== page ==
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Can Shingles Cause Chronic Pain
In some people, the pain of shingles may linger for months or even years after the rash has healed. This pain, due to damaged nerves in and beneath the skin, is known as postherpetic neuralgia. Others feel a chronic itch in the area where the rash once was. In severe cases, the pain or itching may be bad enough to cause insomnia, weight loss, or depression.
What Are The Side Effects
Shingrix can make the area where you get the shot swell or feel sore. Other effects include:
- Many people who get the vaccine have muscle aches, headaches, or feel tired.
- About 1 in 4 people have a fever or an upset stomach.
Younger people are more likely to have these side effects, and they typically last 2 or 3 days.
Itâs also possible to have an allergic reaction to an ingredient in the vaccine. If you have problems breathing, feel your face or throat swelling, or feel weak or dizzy after the shot, call 911 and get medical help right away.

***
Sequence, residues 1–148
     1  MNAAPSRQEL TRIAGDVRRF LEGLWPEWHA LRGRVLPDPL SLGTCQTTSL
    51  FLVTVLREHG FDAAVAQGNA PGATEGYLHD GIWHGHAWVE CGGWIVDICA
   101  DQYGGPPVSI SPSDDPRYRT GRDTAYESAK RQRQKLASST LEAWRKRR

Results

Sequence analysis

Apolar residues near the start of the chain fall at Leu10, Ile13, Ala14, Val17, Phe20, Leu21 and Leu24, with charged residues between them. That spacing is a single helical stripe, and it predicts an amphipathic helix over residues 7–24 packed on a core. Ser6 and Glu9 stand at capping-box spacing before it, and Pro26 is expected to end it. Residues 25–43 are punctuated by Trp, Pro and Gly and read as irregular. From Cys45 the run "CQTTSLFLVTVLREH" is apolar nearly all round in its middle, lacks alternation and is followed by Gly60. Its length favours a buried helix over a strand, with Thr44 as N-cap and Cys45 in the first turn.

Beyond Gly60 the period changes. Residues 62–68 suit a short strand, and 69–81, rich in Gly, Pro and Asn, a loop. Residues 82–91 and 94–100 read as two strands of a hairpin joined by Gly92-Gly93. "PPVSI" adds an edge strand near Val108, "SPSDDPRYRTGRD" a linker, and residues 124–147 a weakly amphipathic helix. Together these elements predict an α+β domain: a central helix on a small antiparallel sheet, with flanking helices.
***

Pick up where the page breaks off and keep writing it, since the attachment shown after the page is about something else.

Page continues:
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Will Shingles Go Away On Its Own
Shingles isnt life-threatening, but it can be incredibly painful and, in some cases, complications can arise. While this rash typically goes away its own, prompt treatment can reduce your pain and help shingles go away faster.
Several antivirals can be used to treat shingles. These drugs can help you heal more quickly and reduce your pain, but they are most effective when started within 72 hours of your rash appearing. This means its important to see your doctor as soon as you suspect shingles, says Dr. Brown. When it comes to the pain associated with shingles, most people are able to manage it using over-the-counter pain relievers. But, pain can be severe for some people. In these cases, your doctor can prescribe stronger pain medications.
Beyond treating your immediate pain and rash, seeing your doctor is also important since serious complications can occur as a result of shingles, such as: